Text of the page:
FN Herstal

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Fabrique Nationale Herstal
FN Herstal
IndustryArms industry
Founded3 July 1889; 134 years ago (1889-07-03)
FounderHenri Pieper
Area served
Key people
ProductsFirearms, ammunition
Number of employees
3,000 worldwide
ParentHerstal Group

Fabrique Nationale Herstal (French for 'National Factory Herstal'), trading as FN Herstal and often referred to as Fabrique Nationale or simply FN, is a leading firearms manufacturer based in Herstal, Belgium, and former vehicle manufacturer. It was the largest exporter of military small arms in Europe as of 2012.[1]

FN Herstal is owned by the Herstal Group holding company, which is in turn owned by the regional government of Wallonia.[2] The Herstal Group also owns the Browning Arms Company and the U.S. Repeating Arms Company (Winchester).[2]

FN America is the U.S. subsidiary of FN Herstal, which was formed by the merger of FN's previous two American subsidiaries – FN Manufacturing and FNH USA.[3] A United Kingdom based manufacturing facility, FNH UK, is also in operation.

View of the factory site

Firearms designed and/or manufactured by FN include the S.A.W. M249, Browning Hi-Power and Five-seven pistols, the FAL, FNC, F2000 and SCAR rifles, the P90 submachine gun, the M2 Browning, MAG, Minimi and the FN Evolys machine guns;[2] all have been commercially successful.[4] FN Herstal's firearms are used by the armed forces of over 100 countries.[5]


1913 FN motorcycle with four-cylinder in-line engine and shaft drive
1931 FN cabriolet
FN Browning Hi-Power pistol

FN Herstal originated in the small city of Herstal, near Liège. The Fabrique Nationale d'Armes de Guerre (French for 'National Factory of Weapons of War') was established in 1889 to manufacture 150,000 Mauser Model 89 rifles ordered by the Belgian government.[2] FN was co-founded by the major arms makers of the Liège region, with Henri Pieper of Anciens Etablissements Pieper being the driving force and the primary shareholder of the new company. In 1897, the company entered into a long-lasting relationship with John Browning, a well-known American firearms designer.[2]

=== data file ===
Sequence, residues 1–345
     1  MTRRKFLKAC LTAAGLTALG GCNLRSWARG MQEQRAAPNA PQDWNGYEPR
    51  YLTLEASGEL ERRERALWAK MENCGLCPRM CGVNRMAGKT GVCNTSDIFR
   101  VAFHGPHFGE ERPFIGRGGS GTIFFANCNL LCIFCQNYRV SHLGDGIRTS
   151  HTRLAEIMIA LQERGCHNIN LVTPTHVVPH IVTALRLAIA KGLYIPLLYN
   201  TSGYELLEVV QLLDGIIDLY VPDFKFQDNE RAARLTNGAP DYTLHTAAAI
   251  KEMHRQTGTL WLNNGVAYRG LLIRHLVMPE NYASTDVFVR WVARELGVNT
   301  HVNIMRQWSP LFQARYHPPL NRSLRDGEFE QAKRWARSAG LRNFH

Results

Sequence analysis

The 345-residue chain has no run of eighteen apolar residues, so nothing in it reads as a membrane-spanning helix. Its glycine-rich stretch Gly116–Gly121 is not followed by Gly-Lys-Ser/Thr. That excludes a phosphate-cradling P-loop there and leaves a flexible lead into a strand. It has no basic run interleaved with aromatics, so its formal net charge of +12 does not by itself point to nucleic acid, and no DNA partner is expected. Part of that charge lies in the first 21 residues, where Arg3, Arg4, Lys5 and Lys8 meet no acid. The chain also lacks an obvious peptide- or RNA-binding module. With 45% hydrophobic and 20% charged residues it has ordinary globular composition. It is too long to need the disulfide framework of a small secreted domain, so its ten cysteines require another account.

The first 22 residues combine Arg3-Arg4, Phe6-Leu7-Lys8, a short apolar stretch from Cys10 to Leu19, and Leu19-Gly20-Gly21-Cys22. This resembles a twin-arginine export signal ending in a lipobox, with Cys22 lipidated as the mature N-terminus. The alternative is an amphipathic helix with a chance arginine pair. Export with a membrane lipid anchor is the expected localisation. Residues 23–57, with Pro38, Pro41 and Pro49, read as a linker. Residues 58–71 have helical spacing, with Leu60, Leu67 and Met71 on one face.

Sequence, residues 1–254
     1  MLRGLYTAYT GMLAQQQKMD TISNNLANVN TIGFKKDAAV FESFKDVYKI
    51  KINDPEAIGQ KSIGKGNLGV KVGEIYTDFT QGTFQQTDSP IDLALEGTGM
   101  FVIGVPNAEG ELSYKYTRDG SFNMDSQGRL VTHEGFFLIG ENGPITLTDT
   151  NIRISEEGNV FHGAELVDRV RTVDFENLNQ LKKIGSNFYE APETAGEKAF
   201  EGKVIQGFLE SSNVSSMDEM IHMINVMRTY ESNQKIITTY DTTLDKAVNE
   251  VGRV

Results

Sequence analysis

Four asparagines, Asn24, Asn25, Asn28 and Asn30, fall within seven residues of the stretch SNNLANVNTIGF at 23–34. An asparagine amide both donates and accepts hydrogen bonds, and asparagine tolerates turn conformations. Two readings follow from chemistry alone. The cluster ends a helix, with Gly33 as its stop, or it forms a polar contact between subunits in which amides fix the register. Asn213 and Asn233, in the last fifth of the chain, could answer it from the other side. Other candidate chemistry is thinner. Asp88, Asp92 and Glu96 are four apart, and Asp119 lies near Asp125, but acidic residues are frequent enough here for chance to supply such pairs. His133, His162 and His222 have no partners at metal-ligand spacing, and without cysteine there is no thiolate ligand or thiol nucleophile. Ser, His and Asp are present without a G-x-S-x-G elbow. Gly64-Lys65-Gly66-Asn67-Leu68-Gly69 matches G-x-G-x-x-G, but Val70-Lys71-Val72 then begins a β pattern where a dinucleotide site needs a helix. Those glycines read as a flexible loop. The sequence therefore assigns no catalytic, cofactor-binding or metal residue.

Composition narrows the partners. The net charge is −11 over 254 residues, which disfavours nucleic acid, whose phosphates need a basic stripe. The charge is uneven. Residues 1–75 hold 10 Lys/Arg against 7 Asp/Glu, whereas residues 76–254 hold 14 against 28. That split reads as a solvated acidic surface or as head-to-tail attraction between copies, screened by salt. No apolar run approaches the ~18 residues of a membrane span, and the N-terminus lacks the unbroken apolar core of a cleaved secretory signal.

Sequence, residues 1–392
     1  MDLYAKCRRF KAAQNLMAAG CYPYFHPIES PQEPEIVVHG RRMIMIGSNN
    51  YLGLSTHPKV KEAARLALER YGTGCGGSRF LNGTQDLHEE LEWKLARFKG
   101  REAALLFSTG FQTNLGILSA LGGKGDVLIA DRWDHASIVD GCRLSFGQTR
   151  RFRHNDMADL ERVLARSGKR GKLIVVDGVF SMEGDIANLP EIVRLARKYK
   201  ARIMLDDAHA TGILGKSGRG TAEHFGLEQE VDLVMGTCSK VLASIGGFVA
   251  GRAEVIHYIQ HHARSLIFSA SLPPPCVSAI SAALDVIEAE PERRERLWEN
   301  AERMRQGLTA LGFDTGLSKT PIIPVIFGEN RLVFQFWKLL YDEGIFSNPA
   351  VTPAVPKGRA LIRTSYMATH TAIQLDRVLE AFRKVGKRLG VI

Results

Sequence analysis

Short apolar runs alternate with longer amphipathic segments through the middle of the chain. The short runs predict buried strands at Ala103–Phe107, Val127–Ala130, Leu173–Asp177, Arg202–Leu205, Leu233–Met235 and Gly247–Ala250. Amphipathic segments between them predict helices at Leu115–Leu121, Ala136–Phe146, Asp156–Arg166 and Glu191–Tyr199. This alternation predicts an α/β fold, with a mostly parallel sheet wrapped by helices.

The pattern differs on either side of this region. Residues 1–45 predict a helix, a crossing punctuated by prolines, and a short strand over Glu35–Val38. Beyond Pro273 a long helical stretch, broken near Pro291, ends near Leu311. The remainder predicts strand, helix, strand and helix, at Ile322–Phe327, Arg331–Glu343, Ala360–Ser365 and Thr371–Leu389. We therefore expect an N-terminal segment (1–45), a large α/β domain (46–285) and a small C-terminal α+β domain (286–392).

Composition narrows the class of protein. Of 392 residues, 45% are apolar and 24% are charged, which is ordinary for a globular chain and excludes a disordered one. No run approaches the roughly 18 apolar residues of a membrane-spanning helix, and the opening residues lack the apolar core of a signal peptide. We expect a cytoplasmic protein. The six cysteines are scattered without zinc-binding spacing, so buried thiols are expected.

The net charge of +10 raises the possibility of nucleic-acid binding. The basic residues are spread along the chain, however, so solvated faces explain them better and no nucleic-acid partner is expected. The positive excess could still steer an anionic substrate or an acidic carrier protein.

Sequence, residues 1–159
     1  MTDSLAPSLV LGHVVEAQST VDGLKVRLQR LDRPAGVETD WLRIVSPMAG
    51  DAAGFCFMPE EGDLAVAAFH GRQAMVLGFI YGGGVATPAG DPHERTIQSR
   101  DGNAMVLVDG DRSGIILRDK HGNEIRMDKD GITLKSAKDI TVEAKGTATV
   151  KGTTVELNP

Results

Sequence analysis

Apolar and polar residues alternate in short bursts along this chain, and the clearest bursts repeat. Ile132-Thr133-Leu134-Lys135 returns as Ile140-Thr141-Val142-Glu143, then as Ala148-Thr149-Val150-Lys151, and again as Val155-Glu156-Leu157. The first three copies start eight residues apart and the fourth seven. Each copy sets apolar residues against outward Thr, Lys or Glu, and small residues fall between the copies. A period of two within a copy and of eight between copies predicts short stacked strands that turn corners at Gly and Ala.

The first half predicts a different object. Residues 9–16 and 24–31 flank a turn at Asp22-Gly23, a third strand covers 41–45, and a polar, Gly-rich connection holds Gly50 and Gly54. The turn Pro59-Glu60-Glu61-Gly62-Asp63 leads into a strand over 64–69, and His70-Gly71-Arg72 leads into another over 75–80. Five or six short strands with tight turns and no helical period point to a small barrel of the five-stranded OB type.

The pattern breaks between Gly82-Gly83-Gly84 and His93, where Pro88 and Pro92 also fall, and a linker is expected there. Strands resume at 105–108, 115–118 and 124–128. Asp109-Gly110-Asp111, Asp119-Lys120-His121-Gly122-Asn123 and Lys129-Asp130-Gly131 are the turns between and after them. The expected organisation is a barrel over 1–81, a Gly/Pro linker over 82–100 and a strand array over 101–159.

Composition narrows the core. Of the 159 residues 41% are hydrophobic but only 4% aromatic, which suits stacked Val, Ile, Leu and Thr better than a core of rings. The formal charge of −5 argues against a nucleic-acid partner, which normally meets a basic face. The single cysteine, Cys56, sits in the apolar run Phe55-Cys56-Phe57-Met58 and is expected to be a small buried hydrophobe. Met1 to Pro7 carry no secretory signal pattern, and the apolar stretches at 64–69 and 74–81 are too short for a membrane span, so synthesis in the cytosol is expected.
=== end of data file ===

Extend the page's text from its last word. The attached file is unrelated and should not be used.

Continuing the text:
The company was an important manufacturer of motor vehicles in Belgium, a development championed by Alexandre Galopin as managing director. FN cars were produced in Herstal from the early 1900s until 1935. Production of FN motorcycles continued until 1965, and production of trucks until 1970.[6] In 1973, FN changed its name to reflect a diversified product line far beyond just military Small Arms and Firearms manufacturing, adopting the current name of Fabrique Nationale d'Herstal.[7]

One of Fabrique Nationale's handguns, a Model 1910 semi-automatic pistol in 9×17mm (.380 ACP) (serial number 19074), was one of four weapons that were taken from the assassins of Archduke Franz Ferdinand of Austria, although it is unknown which of the four weapons fired the fatal round.

Browning began the development of the GP35 "High Power" pistol, the GP standing for Grande Puissance (French for high power), which is well-known as the Browning Hi-Power. The weapon was finalized by FN's Dieudonné Saive and did not appear until 1935, nearly a decade after Browning's death; it remained in production until 2017.

The FN Manufacturing LLC plant in Columbia, South Carolina, is part of the military division of FN. It is primarily responsible for the production of U.S. military weapons, such as M16 rifles, M249 light machine guns, M240 machine guns, and M2 machine guns.[2]

See also[edit]


  1. ^ "Les armes belges, un business juteux" (in French). La Dernière Heure (DHnet). December 31, 2012. Retrieved November 1, 2013.
  2. ^ a b c d e f "Herstal Group: About Us". FN Herstal. Retrieved 2010-06-24.
  3. ^ "FN Manufacturing and FNH USA to consolidate U.S. Operations". FN Herstal. June 6, 2014. Archived from the original on August 31, 2017. Retrieved May 15, 2017.
  4. ^ Miller, David (2001). The Illustrated Directory of 20th Century Guns. Salamander Books Ltd. ISBN 1-84065-245-4.
  5. ^ "Report: Profiling the Small Arms Industry - World Policy Institute - Research Project". World Policy Institute. November 2000. Archived from the original on 2017-10-11. Retrieved 2010-07-15.
  6. ^ Francotte, Auguste; Gaier, Claude; Karlshausen, Robert (2008). Ars Mechanica. Herstal Group. ISBN 978-2-87415-877-3.
  7. ^ Stevens, R. Blake The Browning High Power Automatic Pistol. Collector Grade Publications (1990). ISBN 978-0-88935-089-2.

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